Friday, July 28, 2006

Toy Density!

Originally, I was going to write this as a guide to GMs who wanted to improve their games the "Perko Way". But... it's too weird.

The basic thing that most beginning GMs do wrong is pacing. Except that pacing is a term for a linear, passive media, like books. The whole idea of pacing is, I've recently decided, totally wrongheaded for games. Especially tabletops.

Instead, what we want is toy density.

In a tabletop, most players seem to get the most excited when they are offered a situation which can be resolved as they see fit. It's not a puzzle, precisely, although it can be. It's... an opportunity to come up with a clever way to come out on top.

Most bad GMs make their plot situations force the players into certain paths. For example, "You discovered a map of a buried treasure and set out to dig it up!"

Whee? Why not let them decide exactly what they are going to do. Let them figure out the path they want to take. They might decide to hire some lackeys to help them dig, or they might postpone the treasure search until they have more free time, or any number of things.

I find that if you give opportunities and let the players decide how to take them, the players pace themselves. When the players want action, they'll push the opportunity towards action. When they want drama, the situation will turn dramatic. It's really that easy.

The main challenge to overcome is the need to push players. Instead of pushing, pull. I've covered this in basic and somewhat more advanced posts. Once you grok that, you can start to do things the right way.

(Grok is a great word. Some people think it's stupid or meaningless. It really isn't: it simply means "to work with or learn something until it is obviously the only way things work.")

Then you just have to get a bit of practice turning pushing scenes into pulling scenes. Each session should have at least one (preferably two or three) of these "open situations".

The last thing to master is to keep the party from being dominated by one player's skewed pacing sense.

ANYWAY, that's tabletops. Video games are more difficult.

First, there's no mob mentality. In a tabletop, the players will resonate and egg each other on.

Second, the rules are more restrictive. Because of this, players have a more passive experience. "Siezing the initiative" is almost a non-concept in games. Open-ended games (like a space conquest game) don't have distinct opportunities - they have a kind of continuum of semi-opportunities. Without any mob mentality, the natural tendency is to minmax - to abuse the rules in the most efficient way you can find. This is rewarded, while fun risks are punished.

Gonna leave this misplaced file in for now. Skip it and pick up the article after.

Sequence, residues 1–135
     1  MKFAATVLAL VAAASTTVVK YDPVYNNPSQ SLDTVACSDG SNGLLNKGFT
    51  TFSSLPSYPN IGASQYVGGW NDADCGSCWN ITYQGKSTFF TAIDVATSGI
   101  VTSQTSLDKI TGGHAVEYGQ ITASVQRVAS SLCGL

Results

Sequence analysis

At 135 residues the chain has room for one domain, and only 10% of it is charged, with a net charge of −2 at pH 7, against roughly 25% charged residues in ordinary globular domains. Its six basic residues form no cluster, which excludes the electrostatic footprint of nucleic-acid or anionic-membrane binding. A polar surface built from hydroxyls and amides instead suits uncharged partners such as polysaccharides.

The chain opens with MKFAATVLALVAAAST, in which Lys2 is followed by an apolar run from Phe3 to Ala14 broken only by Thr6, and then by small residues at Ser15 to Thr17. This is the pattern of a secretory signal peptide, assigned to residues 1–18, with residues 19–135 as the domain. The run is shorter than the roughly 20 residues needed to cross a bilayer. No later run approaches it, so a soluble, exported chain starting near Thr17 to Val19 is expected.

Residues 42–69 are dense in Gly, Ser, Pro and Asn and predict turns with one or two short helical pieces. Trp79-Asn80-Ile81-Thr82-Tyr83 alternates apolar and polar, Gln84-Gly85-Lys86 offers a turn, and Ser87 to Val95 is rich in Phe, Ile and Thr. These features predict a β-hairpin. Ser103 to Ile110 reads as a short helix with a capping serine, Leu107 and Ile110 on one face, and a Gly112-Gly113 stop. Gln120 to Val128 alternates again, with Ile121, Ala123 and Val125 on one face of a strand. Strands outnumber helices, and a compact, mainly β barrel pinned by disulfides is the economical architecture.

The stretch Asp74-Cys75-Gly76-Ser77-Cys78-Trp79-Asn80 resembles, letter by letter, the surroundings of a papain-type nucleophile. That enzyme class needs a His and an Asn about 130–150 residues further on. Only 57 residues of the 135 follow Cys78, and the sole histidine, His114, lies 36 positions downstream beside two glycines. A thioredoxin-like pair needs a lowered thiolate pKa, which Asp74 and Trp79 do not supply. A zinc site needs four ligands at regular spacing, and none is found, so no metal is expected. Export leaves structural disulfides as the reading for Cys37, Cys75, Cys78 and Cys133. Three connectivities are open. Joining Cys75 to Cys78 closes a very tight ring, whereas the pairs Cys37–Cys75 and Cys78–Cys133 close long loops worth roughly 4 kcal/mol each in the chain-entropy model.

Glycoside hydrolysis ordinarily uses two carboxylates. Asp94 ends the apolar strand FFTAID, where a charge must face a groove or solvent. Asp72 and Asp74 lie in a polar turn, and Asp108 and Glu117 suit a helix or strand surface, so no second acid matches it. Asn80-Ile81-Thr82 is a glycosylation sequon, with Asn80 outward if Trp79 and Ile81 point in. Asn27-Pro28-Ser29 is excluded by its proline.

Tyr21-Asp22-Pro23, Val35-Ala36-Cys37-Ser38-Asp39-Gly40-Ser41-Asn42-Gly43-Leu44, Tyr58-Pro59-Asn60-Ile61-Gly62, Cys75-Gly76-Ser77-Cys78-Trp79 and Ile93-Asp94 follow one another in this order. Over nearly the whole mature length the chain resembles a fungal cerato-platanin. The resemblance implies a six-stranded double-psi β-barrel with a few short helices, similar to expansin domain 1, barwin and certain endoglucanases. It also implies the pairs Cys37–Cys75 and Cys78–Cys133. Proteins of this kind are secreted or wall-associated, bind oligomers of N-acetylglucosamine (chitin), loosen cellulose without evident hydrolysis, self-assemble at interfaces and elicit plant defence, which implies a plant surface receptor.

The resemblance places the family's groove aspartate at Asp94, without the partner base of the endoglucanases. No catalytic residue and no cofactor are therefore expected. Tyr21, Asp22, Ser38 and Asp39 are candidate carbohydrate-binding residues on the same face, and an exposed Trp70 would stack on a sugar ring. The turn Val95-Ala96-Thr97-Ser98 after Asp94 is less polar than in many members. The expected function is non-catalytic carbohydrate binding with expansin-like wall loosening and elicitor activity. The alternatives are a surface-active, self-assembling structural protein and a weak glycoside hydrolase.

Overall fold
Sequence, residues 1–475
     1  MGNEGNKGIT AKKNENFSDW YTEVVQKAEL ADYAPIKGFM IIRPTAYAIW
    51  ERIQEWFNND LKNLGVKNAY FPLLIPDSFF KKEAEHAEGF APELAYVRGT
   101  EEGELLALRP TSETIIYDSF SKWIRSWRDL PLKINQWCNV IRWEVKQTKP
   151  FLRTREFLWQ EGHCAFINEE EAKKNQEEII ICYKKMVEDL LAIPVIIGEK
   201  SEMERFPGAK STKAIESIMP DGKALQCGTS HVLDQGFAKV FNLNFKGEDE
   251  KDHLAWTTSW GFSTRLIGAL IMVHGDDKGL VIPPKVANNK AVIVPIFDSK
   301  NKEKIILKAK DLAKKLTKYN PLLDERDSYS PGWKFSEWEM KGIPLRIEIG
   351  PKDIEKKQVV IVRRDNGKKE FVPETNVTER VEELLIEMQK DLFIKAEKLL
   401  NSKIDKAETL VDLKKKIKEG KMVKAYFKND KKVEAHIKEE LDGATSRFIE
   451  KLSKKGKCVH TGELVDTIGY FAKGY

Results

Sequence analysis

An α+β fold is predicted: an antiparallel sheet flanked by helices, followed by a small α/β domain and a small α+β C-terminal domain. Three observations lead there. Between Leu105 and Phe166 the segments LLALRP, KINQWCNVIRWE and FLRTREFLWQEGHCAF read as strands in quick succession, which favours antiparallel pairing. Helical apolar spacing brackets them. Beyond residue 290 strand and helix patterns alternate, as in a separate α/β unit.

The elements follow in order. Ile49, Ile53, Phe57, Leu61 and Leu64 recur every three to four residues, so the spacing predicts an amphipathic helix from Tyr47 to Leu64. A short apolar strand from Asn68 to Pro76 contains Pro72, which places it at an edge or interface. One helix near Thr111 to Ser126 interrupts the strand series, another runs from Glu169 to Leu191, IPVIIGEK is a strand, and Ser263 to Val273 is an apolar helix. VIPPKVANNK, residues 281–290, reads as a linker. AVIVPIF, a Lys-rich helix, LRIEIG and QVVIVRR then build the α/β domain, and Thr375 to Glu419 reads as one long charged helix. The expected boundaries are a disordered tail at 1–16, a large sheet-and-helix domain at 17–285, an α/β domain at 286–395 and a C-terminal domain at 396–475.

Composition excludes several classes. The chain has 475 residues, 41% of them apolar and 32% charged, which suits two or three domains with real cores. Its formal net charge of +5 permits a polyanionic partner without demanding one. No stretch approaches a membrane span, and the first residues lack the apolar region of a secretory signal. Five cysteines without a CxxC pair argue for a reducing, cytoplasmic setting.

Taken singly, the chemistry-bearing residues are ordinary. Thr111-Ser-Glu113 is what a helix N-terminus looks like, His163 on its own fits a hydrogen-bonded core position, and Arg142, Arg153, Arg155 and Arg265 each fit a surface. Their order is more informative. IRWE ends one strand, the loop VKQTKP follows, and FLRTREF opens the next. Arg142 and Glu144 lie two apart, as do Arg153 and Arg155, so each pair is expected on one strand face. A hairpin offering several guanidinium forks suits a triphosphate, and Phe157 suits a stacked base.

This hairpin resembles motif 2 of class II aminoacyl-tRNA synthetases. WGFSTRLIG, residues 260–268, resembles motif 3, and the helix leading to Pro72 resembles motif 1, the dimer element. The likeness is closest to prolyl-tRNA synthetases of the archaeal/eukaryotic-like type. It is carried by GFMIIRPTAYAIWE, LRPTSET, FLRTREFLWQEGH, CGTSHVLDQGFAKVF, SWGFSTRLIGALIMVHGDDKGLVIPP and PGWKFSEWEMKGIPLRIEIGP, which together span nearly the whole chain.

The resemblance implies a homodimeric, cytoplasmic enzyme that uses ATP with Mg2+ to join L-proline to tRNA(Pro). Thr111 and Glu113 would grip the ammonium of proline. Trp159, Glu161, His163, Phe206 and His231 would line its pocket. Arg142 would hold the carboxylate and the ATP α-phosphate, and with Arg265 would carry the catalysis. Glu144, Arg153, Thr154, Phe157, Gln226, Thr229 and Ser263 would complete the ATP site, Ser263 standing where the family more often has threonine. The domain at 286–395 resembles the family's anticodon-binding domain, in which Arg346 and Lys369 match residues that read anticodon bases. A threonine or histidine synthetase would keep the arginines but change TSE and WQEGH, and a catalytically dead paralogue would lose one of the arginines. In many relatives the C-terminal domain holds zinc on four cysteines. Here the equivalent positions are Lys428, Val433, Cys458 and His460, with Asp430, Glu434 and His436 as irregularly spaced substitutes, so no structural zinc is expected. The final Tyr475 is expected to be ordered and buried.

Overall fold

Seems kind of silly, to me.

What if the next game you played didn't let you lose?

No matter what you did, you didn't lose. Each choice simply changed the way you progressed through the game.

It would be much more like a tabletop: it's very rare that a group of players can lose a tabletop, and if that's a danger, it's almost always very obvious. The vast majority of the time, it's a given that you will succeed, so long as you don't piss the GM off by actively being assholes.

It doesn't really matter which interesting approach you take: if it's feasible, it will advance the plot. It may advance it in a weird way, such as the entire party being captured, but it's a given that, so long as you try, you'll win.

One of the big advantages the GM gives is this "no efficiency" clause. If players are inefficient, it doesn't matter! The next situation is going to be adjusted for their current strength, so it hardly matters whether they get 120 xp or 150 xp.

Sure, some players want to be hyperefficient twinks. That's not bad at all: reward them for trying clever things. It rapidly becomes the most efficient path to getting power.

The problem is letting a computer game do this...

I like the idea of including toys which can be combined in various ways. Not simply combined to improve stats, but linked in program-like ways. The player can find and combine these toys to make cool new devices and abilities.

Now, if the game offers missions, the player can bring his toys on these missions. The missions adjust to the effectiveness of the toys, but the player is still allowed to approach in any manner he deems cool.

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